Be Human

Over the last couple of days I’ve been bastardizing Guy Kawasaki’s list of ways to brand products and applying it to system administrators (sorry Guy!). Sysadmins have ample opportunities to treat themselves and their work as a product being sold to their end users, but they rarely do. If there was another IT group in the building would yours still get the business? Are all of your users happy with the product you provide to them? Do you communicate as a human being and not as a robot when you talk to non-IT people about IT topics?

Guy Kawasaki’s points six and seven hit hard. “Focus on PR, not advertising,” and “strive for humanness.” There are two key points he makes, the first of which is:

“Brands are built on what people are saying about you, not what you are saying about yourself.”

Corporations spend money for advertising, but IT departments operate in a different currency: time. And when it comes right down to it, you can spend time making yourself seem like an awesome IT shop, or you can spend time being an awesome IT shop. Spend the time to be the best and your customers, your coworkers, will know it. They’ll go from being ordinary users to raving fans.

There are two ways I can tell when an IT department has this backwards. First, they hold big kickoff meetings for projects. Ditch the ceremony, quit trying to convince yourselves that you’re cool, and spend the time actually working on the project. Second, their infrastructure sucks. No automation, no proactive attitude, no monitoring, but they have things like portals and Java and fancy buzzwords. Spend the time on being technically excellent instead of posturing, and you will be badass.

“Great brands achieve a high level of humaness. They speak to you as an individual, not as part of a market.”

The second point is integral for a system administrator. When you communicate, when you do something for your users, are you communicating with them as an individual, a fellow human? Or is your attitude that they’re just a flock of sheep?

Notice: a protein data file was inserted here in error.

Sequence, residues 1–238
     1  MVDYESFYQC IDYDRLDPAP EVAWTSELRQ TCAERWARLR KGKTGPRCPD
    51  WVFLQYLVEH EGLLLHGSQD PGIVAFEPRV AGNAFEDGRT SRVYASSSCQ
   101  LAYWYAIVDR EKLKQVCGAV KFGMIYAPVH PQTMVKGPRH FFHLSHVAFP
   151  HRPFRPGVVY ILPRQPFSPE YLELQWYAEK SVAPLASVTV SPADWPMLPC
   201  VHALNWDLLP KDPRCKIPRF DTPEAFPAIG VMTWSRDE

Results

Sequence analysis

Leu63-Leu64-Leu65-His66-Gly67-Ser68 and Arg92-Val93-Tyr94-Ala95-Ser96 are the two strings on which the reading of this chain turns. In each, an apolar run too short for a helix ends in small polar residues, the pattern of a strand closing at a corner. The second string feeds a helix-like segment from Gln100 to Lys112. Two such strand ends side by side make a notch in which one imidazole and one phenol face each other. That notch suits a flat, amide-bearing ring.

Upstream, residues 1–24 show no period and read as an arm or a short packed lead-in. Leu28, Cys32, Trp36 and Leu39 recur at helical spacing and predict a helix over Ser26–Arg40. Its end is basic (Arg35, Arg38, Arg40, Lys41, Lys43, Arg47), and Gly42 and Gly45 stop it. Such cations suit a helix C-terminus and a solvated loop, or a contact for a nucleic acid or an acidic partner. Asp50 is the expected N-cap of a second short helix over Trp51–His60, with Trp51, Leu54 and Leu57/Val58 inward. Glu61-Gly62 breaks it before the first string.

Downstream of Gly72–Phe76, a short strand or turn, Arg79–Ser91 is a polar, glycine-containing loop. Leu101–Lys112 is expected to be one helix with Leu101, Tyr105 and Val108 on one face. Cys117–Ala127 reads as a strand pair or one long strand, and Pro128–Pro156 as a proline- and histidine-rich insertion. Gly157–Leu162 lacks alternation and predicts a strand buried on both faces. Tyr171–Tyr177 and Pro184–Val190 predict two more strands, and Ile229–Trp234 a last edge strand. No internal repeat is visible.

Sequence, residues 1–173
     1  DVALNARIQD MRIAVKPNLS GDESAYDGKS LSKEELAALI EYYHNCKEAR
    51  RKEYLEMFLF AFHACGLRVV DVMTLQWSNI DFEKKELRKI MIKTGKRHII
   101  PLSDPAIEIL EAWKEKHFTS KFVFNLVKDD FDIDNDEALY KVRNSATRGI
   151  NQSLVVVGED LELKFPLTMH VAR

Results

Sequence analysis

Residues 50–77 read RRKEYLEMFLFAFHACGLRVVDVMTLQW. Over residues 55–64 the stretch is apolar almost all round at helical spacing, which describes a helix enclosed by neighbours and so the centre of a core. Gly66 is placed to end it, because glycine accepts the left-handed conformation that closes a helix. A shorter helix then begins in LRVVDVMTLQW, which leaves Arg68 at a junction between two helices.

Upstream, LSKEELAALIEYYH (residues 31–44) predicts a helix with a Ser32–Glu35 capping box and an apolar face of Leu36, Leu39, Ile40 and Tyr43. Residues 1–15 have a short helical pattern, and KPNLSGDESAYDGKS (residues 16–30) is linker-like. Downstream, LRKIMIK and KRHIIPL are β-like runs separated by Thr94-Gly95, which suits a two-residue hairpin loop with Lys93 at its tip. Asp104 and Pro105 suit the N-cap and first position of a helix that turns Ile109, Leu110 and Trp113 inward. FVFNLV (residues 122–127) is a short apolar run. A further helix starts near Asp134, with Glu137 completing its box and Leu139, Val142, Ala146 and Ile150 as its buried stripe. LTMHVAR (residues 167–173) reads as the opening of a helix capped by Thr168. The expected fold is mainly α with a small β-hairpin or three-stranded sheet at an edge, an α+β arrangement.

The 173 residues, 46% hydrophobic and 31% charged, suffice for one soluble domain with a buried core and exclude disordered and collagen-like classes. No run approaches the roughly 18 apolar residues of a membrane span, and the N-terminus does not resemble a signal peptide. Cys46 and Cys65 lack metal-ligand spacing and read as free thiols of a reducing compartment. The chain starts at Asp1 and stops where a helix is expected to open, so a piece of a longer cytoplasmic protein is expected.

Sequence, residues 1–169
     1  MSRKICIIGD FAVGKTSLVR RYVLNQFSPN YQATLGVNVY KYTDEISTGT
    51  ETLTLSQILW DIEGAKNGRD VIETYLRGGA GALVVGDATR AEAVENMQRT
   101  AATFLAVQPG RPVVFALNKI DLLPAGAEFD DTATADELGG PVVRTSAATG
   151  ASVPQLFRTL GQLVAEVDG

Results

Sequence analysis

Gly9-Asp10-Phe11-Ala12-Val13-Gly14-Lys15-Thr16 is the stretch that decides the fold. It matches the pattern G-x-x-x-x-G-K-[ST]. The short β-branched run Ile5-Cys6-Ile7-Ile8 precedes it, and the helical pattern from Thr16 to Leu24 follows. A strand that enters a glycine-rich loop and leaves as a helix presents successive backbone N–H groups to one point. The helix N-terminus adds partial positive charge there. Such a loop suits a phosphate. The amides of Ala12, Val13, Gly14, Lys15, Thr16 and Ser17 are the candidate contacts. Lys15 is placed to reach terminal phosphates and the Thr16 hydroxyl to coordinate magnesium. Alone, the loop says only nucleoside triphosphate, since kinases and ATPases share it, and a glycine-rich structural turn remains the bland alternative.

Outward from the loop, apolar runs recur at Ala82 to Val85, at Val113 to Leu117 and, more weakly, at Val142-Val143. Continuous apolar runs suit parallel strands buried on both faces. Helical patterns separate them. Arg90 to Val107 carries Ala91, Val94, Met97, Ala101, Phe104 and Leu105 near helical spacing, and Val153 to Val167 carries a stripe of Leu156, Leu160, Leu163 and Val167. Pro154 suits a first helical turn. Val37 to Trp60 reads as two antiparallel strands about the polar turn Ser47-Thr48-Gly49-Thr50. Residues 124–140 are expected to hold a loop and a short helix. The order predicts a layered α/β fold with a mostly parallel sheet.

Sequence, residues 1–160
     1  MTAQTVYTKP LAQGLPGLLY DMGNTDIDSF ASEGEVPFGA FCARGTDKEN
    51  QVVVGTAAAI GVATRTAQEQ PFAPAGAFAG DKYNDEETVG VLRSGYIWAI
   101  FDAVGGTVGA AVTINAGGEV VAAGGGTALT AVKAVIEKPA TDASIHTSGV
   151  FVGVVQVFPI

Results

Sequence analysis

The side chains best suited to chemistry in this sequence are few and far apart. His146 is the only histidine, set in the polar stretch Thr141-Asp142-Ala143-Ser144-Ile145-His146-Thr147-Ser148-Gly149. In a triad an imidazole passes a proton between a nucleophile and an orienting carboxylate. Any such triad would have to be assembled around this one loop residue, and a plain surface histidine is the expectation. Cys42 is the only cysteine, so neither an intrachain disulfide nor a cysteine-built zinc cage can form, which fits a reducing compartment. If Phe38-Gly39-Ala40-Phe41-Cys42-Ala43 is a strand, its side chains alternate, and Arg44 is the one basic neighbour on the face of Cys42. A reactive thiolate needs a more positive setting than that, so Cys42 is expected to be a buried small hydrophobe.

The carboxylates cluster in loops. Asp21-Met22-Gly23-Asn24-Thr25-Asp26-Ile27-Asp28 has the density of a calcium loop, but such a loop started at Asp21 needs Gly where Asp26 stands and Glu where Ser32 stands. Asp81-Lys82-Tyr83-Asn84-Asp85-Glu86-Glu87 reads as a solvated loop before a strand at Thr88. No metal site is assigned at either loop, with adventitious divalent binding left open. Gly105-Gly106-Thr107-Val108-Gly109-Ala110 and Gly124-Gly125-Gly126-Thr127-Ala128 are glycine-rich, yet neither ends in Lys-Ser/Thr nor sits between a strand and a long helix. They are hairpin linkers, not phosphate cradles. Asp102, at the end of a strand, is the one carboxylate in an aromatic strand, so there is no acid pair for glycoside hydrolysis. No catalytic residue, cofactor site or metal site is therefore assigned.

The best way I’ve found to add humanity to an operation is to expose your staff to your users. Encourage people to take personal responsibility for things, but with process and procedure to back them up. Many IT shops I’ve worked with send mass email to all their users, telling them about changes and whatnot. What a great opportunity to seem like you aren’t a group of robots!

An example of this is one from a nearby university with a fairly decentralized IT staff. There’s a central backup server, and occassionally there are problems that prevent overnight backups from working. All the IT folks get automated warning emails saying that backups failed, and the admins of the backup server have to send something out about it. There are two ways this happens:

“The backup server was unavailable for a portion of yesterday evening, preventing most backups from occurring. The problem has been resolved, and we apologize for the inconvenience. – the IT staff”

…and we apologize for seeming like we don’t care at all. Even if you don’t care, act like it. Put yourself in your audience’s shoes. Did you answer their questions? No. Remember to speak English, but also be a real human being:

“The backup server’s network card had improper settings that were not detected after the scheduled maintenance yesterday afternoon. Because of these settings the network connection was extremely slow, and the server was effectively unreachable overnight. The problem has been corrected, and we apologize for all the extra warning email. Feel free to do a manual backup of your data. If there are additional questions, concerns, or comments, please let me know. – Jack Johnson”

That’s better. It answers n00b questions and has enough information to appease the more technical people. Folks also have a direct contact if they continue to have problems, but if they contact him about other things he should reinforce that they should call the Help Desk.

Just get out and talk with your users. Go hang out with them. Buy doughnuts and go cube to cube with them, introducing your team. Go to meetings in other areas and introduce yourselves, and talk about things you do. Better yet, ask the other groups what they hate about IT.

It all comes down to the golden rule: “do unto others as they would do unto you.” Do that, spend the time to get things right, communicate well, and get out and about so you have a chance to communicate, and you’re home free.